• Practice of leadership rotation coupled with clearly laid out succession plan
  • Preventing outsiders from handling cash, even for training purposes
  • Responsibility fixing for handling cash during meeting and holding cash thereafter
  • Practice of tallying cash inflows and outflows at the end of each meeting
  • Practice of clarifying member wise cumulative savings and loans position every month
  • Responsibility to deposit cash and withdrawal from savings bank account on rotation basis
  • Practice of bank reconciliation on periodic basis
  • Ensuring end-use of credit by helping the borrowing member in purchase of assets, if any
  • Regular review of deviant behavior of members in attendance, thrift or loan repayment
  • Enforcement of group discipline through fines and penalties system in a transparent manner
  • Practice of rotating members accompanying leader for training and review sessions

Banking Relationship

Self Help Groups are primarily savings and credit groups and availing savings and credit services from local banks is a logical extension of their growth strategy to meet increasing credit demand from members. Moreover, accessing savings services from banks will provide safety to the pooled funds. It is expected that groups will demonstrate desired maturity in terms of group and financial dynamics leading to inculcation of banking habits in the groups. It would also make possible the bringing about of general improvement in the nature and scale of operations that would accelerate economic development.

  • Open savings account in group's name with the service area branch concerned
  • Regular operations in the group's savings account will help build healthy relationship with bank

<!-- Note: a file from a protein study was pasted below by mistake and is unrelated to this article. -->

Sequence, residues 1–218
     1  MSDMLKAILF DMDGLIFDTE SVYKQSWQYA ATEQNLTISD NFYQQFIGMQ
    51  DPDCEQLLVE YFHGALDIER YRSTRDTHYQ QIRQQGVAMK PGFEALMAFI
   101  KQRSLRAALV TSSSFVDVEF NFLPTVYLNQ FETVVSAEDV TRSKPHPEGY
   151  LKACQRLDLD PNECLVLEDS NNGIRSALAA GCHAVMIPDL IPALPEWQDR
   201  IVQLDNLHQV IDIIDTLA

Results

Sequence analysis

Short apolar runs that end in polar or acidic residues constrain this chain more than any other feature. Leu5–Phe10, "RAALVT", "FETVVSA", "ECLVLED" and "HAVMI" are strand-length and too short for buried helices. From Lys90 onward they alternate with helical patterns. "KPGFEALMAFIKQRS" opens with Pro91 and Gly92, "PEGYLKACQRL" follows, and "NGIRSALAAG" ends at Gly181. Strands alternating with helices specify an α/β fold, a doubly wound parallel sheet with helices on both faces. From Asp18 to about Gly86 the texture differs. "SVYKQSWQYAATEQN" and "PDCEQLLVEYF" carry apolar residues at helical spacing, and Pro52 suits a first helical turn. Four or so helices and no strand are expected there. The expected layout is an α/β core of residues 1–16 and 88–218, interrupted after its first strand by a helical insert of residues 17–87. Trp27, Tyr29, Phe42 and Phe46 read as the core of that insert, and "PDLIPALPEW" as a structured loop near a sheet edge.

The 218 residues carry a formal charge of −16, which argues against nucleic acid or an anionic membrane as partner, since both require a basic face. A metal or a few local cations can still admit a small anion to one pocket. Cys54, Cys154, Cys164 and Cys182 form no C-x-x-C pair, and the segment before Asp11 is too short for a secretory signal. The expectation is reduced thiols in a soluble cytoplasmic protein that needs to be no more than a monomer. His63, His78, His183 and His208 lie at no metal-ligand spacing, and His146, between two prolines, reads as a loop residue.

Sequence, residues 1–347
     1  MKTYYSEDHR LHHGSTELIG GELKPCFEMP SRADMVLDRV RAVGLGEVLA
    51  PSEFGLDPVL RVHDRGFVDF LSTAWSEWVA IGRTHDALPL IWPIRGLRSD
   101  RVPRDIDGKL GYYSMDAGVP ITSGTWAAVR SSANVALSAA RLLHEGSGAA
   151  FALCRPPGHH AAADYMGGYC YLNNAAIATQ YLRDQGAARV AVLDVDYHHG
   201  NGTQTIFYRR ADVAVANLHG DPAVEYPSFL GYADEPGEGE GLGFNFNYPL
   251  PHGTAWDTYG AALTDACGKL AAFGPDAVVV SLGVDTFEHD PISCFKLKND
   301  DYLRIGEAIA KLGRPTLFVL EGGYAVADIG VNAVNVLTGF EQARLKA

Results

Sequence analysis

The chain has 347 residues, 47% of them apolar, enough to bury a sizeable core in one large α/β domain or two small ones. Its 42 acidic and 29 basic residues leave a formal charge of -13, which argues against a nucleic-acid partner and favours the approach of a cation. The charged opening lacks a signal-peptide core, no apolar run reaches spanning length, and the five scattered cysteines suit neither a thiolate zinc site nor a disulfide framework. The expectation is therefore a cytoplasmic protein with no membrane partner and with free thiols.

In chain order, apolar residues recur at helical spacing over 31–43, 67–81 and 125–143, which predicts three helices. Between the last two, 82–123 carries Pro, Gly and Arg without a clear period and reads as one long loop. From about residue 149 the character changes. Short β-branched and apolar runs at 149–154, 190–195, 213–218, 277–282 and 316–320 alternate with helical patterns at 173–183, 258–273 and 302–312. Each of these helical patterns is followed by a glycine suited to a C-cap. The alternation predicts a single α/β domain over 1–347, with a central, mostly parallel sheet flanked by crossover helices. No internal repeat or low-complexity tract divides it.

• Groups to assess their future fund requirements and articulate the credit gap in micro-credit plans
  • Groups to have clarity on issues relating to eligibility conditions, credit entitlement and legal obligations arising out of credit linkage with banks
  • Groups and banker must hold discussions at loan appraisal stage for enabling banker to arrive at a credit decision
  • Terms and conditions of credit extended by banks including implication of joint and several liability in the event of credit linkage must be clearly understood by all members of the group
  • Groups must assimilate bank loans with their corpus fund by extending need based loans to those members who could not access loans earlier from out of pooled savings. Here, the group must take care not to deviate from the financing norms (quantum of loan, rate of interest, repayment period) already laid down for giving loans out of their pooled thrift amounts merely because outside funds are injected into the group corpus
  • Groups must ensure on-time payment of bank loans by setting aside a portion of total collections made in each meeting for honouring repayment obligation to the bank. In other words, groups will square up the default amount of any borrowing member and pass on the instalment amount to the bank as per contracted repayment schedule